Funny you should mention jcb wanting stuff cheap, i remember him telling me back in the 80's that volvo were threatening to go elsewhere for their turbos because they considered holset to be expensive, hahaha, holset told them to piss off then, they were back within the year because the cheap turbos were costing them a fortune as they kept blowing up and having to to be replaced under warranty. I know they did a lot of big engine stuff, boats, trucks, trains, basically anything. Our cellar was chock full of expensive vanadium spanners and high end tools that he'd erm borrowed from work, plus run out fandrives and a mountain of mis-machined turbos, bearings, housings, a hell of a lot of decent metal and machine parts that could be repurposed, He was well paid and got a decent pension and redundancy package out of them, but he was there nearly 40 years. Some of his work colleagues at his funeral did say it was a decent enough place to work and they were very skilled, but were priced out by cheap labour and shit products mainly from china in the end.

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1 hour ago, leonardratso said:

yeah, we lived in halifax back then and he worked out of halifax and huddersfield.

Funny you should mention jcb wanting stuff cheap, i remember him telling me back in the 80's that volvo were threatening to go elsewhere for their turbos because they considered holset to be expensive, hahaha, holset told them to piss off then, they were back within the year because the cheap turbos were costing them a fortune as they kept blowing up and having to to be replaced under warranty. I know they did a lot of big engine stuff, boats, trucks, trains, basically anything. Our cellar was chock full of expensive vanadium spanners and high end tools that he'd erm borrowed from work, plus run out fandrives and a mountain of mis-machined turbos, bearings, housings, a hell of a lot of decent metal and machine parts that could be repurposed, He was well paid and got a decent pension and redundancy package out of them, but he was there nearly 40 years. Some of his work colleagues at his funeral did say it was a decent enough place to work and they were very skilled, but were priced out by cheap labour and shit products mainly from china in the end.

Theres no such thing as cheap, skilled labout. Not for long anyway.

The only time ive seen a large level of cheap labour was in the early to mid 90s when the ussr fell to bits and the techocrat class poured out.

They are no longer cheap. Ive been offered an expensive trip to estonia, to see how id like to live there.

Slovakia, and the countries within a few 100k of western europe, as it was, are more expensive - and productive - than spain and portugal.

Go a few more 100k and they are drunk and useless.

China? Gone now. Massive population fall. Got at least one revolution to go through.

India? Pop needs to fall 50% so you can work out tge productive ones.

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2 hours ago, spygirl said:

Theres no such thing as cheap, skilled labour. Not for long anyway.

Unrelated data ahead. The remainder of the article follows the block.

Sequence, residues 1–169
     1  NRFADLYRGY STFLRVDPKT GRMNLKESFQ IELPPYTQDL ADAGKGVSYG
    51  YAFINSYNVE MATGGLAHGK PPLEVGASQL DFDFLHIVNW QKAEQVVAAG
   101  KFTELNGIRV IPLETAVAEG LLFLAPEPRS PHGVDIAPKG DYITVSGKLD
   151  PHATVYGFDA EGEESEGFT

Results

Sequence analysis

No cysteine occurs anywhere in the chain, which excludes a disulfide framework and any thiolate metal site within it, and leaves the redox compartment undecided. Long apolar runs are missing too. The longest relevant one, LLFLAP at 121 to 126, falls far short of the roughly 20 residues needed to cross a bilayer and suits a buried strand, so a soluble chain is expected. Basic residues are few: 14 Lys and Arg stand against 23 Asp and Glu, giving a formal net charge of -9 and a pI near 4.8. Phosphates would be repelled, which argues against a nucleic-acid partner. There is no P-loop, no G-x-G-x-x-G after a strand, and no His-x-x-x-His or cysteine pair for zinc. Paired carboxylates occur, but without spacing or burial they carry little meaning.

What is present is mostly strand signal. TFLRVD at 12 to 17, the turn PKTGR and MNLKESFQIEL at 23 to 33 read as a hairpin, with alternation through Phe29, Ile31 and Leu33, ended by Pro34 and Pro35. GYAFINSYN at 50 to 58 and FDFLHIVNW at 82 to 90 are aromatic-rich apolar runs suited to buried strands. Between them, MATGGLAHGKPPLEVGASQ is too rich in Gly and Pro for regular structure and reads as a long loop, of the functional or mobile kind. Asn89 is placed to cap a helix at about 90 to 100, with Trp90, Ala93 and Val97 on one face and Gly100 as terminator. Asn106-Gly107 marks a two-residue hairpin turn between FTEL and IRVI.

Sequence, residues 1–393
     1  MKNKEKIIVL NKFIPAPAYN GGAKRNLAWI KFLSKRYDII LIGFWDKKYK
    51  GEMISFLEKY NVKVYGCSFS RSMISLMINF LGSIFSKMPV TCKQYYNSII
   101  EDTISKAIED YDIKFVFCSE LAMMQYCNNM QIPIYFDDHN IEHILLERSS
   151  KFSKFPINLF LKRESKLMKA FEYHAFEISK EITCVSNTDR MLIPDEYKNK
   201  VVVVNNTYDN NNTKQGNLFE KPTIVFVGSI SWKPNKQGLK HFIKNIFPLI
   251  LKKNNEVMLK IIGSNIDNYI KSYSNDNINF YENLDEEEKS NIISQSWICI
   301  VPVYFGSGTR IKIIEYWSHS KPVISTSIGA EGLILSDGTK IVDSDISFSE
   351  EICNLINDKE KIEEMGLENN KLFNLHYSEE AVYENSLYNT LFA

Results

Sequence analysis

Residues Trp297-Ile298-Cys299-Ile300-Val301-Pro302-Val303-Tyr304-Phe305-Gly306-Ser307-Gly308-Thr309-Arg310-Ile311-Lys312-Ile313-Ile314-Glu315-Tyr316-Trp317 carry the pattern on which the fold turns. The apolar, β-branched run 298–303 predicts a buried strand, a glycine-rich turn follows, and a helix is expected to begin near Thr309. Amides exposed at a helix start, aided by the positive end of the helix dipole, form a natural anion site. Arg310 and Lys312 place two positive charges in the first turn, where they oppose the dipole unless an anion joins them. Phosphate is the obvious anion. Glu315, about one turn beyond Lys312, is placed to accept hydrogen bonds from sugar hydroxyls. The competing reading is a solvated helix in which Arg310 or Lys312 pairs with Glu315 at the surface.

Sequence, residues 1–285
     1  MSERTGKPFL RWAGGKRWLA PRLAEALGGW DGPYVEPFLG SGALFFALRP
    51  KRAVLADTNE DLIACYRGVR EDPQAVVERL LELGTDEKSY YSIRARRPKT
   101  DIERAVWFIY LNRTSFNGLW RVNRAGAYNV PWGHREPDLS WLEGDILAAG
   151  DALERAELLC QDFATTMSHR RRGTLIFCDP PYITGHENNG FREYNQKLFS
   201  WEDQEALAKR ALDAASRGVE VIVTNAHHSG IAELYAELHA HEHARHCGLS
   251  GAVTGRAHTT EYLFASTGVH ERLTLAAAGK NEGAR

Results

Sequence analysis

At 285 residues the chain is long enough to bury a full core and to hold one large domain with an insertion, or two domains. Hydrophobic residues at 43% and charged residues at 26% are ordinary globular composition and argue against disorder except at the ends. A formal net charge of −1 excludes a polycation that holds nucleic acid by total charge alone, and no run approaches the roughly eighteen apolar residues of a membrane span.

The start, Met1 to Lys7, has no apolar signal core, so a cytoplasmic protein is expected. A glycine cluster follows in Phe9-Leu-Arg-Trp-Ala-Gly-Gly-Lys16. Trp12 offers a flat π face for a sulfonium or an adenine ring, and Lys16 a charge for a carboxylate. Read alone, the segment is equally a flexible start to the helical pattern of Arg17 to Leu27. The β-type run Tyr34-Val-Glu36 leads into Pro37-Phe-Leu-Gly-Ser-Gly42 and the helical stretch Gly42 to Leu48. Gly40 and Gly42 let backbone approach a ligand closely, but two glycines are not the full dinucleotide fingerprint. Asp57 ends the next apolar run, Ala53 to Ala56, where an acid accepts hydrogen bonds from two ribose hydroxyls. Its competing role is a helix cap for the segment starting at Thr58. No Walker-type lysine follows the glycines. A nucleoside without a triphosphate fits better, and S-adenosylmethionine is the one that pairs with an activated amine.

Where I work we have lots of builders, carpenters etc from all over the world! 

Only thing is hardly any of them are skilled labour! They turn up on day 1 as labourers, shifting wood, metal, rubbish.. etc 

after a year their using a hammer,, after 2 years their a carpenter..

We have degraded our own young and imported needed so called “skilled labour”

But so called skilled Labour is basically an apprenticeship.. People actually must think the whole of Europe is full of qualified builders.. 

Truth is if they all go back home after 10 years of learning on the job they might be right! 

And we have taught hardly any of our own! 

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8 minutes ago, spygirl said:

Look at this.

Neither japan or china have migrant labour

http://digg.com/video/top-10-countries-by-gdp-1960-2017

What a fab video, GDP by country as a horse race, you can see the years tick by, the positions change, why we were tempted to join the EEC as a money making club, the recessions and the Chinese horse on anabolic steroids .

 

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51 minutes ago, UnconventionalWisdom said:

I'll be watching the SPX movement closely over the next few days. 50 day average moved below the 200 one. Bit of a head and shoulders pattern and lower than the start of the year. 

 

sc (1).png

Santa Rally cancelled methinks. Fed move on the 19th already factored in.

Edited by Sideysid

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On 14/12/2018 at 17:12, stokiescum said:

i think the latest fastracks use yank engines,the only reason they even started building them was because a previouse supplier was prone to strikes.im going back to the late 70s early 80s.im glad to see an english producer makeing something others cant.

Ive looked at making an ICE.

With a lathe and milling machine, and hours n hours of whittling you can make one. But its more likely to be shit.

A good ICE needs skilled engineering, luck and a bit of magic. The engineering science is well short of 100%

Its why, when they hit on the a magic design, they only tweak it.

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45 minutes ago, spygirl said:

Ive looked at making an ICE.

With a lathe and milling machine, and hours n hours of whittling you can make one. But its more likely to be shit.

A good ICE needs skilled engineering, luck and a bit of magic. The engineering science is well short of 100%

Its why, when they hit on the a magic design, they only tweak it.

Quite.  I've always been interested in engine design flow.  An interesting example is the Austin seven engine, which was developed by Austin from 1922, developed for years (albeit with some serious development, like changing from 3- to 5-bearing for the crankshaft), then taken over by Reliant, given an ohv conversion in the 60's, then stayed in production (by Reliant) until 2002 or so -- 80 years of production of what was essentially the same fundamental engine design.

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54 minutes ago, dgul said: